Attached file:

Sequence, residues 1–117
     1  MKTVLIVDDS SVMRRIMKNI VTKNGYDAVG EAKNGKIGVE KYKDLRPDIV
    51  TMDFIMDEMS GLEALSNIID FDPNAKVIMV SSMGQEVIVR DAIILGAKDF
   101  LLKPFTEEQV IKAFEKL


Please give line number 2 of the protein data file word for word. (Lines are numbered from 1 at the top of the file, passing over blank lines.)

     1  MKTVLIVDDS SVMRRIMKNI VTKNGYDAVG EAKNGKIGVE KYKDLRPDIV